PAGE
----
Colour of Poverty/Colour of Change

Colour of Poverty/Colour of Change

March 15, 2016 13:00 ET

Communities of Colour Cautiously Optimistic About Ontario's Long-Term Affordable Housing Strategy Update

TORONTO, ONTARIO--(Marketwired - March 15, 2016) - Colour of Poverty - Colour of Change (COP-COC) welcomed the announcement by the government of Ontario that it is updating its Long-Term Affordable Housing Strategy so that it is equitable, inclusive, evidence-informed, flexible and people-centred.

As part of the government's Budget 2016 investment of $178 million over three years into the provincial housing system, Ontario has committed to introducing a suite of legislative and policy measures to ensure that housing is affordable, suitable and adequate -- in support of the province's goal of ending chronic homelessness within 10 years, among other priority objectives.

Among the welcome measures:

  • Pending legislation for Inclusionary Zoning, which would allow municipalities to mandate that affordable housing units be provided within new development projects;
  • Developing an Indigenous Housing Strategy in partnership with Indigenous organizations and communities to address the unique housing challenges and needs of First Nations, Métis and Inuit Peoples;
  • Investing $2.5 million over three years to create an Innovation, Evidence and Capacity Building Fund to support research, evaluation and capacity building initiatives;
  • Investing $92 million from the Green Investment Fund into social housing retrofits;
  • Creating a framework for a portable housing benefit that would give people who receive housing assistance the flexibility to choose where they want to live (and investing $17 million over three years in a pilot project for up to 3,000 survivors of domestic violence);
  • Investing $100 million over three years for new supportive housing for up to 4,000 families and individuals, and construction of up to 1,500 new supportive housing units; and
  • Investing a further $45 million over three years into the Community Homelessness Prevention Initiative (CHPI).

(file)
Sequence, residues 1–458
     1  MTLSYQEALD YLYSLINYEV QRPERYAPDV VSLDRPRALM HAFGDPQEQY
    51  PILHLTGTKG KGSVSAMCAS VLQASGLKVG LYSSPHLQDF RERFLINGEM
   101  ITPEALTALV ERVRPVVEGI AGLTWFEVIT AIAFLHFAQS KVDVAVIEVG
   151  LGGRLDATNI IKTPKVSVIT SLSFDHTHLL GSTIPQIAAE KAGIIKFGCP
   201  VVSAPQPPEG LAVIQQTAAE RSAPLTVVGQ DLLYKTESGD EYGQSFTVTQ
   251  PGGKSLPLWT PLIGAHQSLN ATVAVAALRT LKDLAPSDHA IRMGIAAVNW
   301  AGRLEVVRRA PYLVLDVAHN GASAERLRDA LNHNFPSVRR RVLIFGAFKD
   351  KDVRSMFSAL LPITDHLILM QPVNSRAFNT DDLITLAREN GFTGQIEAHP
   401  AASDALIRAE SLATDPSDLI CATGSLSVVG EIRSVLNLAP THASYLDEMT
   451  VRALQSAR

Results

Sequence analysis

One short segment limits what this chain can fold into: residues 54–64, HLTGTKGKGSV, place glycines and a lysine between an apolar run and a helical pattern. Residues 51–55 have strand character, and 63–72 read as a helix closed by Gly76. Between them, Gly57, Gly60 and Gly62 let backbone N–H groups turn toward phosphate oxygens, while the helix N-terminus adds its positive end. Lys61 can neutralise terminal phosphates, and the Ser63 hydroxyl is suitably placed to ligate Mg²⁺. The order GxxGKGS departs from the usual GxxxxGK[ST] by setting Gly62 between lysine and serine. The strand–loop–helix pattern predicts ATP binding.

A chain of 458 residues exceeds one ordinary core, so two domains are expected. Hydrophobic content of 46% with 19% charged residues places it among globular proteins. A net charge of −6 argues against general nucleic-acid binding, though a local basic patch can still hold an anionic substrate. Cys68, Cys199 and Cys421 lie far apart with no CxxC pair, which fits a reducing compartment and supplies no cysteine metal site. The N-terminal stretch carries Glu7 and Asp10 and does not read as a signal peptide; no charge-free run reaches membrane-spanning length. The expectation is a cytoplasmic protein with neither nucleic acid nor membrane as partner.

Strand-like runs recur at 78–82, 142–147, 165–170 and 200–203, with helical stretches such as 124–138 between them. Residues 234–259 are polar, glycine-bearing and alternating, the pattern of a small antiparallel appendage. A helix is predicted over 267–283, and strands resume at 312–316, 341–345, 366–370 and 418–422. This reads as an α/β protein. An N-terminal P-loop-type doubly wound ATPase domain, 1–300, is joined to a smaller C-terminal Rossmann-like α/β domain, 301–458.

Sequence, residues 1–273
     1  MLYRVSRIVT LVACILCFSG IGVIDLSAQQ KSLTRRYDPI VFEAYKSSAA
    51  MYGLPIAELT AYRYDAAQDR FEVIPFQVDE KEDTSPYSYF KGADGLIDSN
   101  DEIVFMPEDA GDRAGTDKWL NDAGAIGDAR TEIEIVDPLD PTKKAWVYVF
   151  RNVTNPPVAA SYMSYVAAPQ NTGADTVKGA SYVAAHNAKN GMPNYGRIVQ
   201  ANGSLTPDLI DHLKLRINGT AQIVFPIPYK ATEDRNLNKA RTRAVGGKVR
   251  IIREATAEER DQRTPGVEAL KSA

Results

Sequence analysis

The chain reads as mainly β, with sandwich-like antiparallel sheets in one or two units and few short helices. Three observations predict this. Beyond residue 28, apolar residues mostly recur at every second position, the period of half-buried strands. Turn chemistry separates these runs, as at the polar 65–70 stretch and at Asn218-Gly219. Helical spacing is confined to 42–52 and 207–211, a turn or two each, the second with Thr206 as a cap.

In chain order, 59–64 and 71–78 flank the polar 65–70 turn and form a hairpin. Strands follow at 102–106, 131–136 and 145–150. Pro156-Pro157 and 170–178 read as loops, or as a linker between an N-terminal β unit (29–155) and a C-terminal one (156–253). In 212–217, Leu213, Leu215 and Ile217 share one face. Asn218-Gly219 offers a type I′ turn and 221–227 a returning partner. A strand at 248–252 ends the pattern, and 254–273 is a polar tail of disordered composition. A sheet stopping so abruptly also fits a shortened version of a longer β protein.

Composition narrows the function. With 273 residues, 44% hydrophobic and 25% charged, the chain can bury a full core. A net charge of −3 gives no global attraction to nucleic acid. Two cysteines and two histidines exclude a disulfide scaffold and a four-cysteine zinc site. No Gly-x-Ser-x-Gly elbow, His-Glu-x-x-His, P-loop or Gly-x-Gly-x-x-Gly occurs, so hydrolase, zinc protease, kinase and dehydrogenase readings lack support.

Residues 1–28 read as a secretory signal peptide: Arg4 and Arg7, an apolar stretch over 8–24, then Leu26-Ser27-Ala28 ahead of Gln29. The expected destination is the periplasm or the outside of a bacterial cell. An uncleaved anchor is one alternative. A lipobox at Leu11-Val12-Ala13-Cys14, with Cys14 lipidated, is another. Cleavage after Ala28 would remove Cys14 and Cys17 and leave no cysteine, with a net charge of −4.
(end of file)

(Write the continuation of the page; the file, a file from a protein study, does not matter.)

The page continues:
While COP-COC welcomes the announcement and acknowledges the good faith efforts to address chronic problems with housing and homelessness, as we see no clear commitment to disaggregated socio-demographic data collection going forward, we call on the government to fully implement all recommendations of the October 2015 Report of the Expert Advisory Panel on Homelessness.

"It's necessary to improve data collection with respect to ethno-racial identity, (dis)ability, age, sexuality, gender identity, immigration status and so on in order to lead to a better understanding of community homelessness trends over time, and to provide a greater evidence base for decision making, for policy development, for program delivery, for future target setting and for reporting on progress for those groups among the most seriously and adversely impacted," said Vince Wong, staff lawyer of Metro Toronto Chinese & Southeast Asian Legal Clinic, a steering committee member of COP-COC.

Having a clear understanding and appreciation of the colour-coded (First Peoples and peoples of colour) and other experiences of disproportionate disadvantage in housing and homelessness is critical to the development of outcomes focused performance measures that improve the ability to measure progress in meeting peoples' needs.

"The Expert Advisory Panel report explicitly acknowledges that homelessness and the lack of affordable housing are not felt by all Ontarians equally and that among others both First Peoples and peoples of colour are disproportionally affected," said Grace Edward Galabuzi, Associate Professor of Politics and Public Administration at Ryerson University. "In fact, two of the 12 themes recommended by the Expert Panel -- specifically that race plays a role in homelessness and that cultural sensitivity and awareness are needed -- have not been mentioned in this new update," added Galabuzi.

"In particular, we need more government action to address hidden homelessness, an issue that affects even more racialized group members. The lack of recognition for homelessness in racialized communities has led to the chronic under funding of services for these communities," said Deepa Mattoo, Staff Lawyer of South Asian Legal Clinic of Ontario.

Colour of Poverty - Colour of Change recognizes that the Update is also part of the government's plan to build Ontario up -- to grow the economy and create jobs by making the largest investment in housing and other public infrastructure in Ontario's history.

As the Government works to build a low-carbon economy and invest in talent and skills, it should be taking best advantage of the opportunity to also address the upstream barriers and other realities faced by the above equity seeking and historically disadvantaged groups and communities across the province -- by attaching Community Benefit Agreements expectations to these future affordable housing investments, including appropriate employment equity provisions, when they negotiate contracts with housing developers and other partners. The Government should situate these equity measures of part of a key piece of the Poverty Reduction Strategy for Ontario.

Contact Information

  • Deepa Matto
    South Asian Legal Clinic of Ontario
    (416) 487-6371 ex.43

    Vince Wong
    Metro Toronto Chinese & Southeast Asian Legal Clinic
    (416) 971-9674

    Amy Casipullai
    OCASI - Ontario Council of Agencies Serving Immigrants
    (416) 524-4950